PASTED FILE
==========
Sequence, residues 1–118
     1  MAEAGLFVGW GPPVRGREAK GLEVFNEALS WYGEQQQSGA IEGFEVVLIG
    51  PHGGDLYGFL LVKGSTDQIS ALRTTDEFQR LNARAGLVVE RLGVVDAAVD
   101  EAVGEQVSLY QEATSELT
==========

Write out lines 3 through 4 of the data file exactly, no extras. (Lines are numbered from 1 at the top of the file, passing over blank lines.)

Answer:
    51  PHGGDLYGFL LVKGSTDQIS ALRTTDEFQR LNARAGLVVE RLGVVDAAVD
   101  EAVGEQVSLY QEATSELT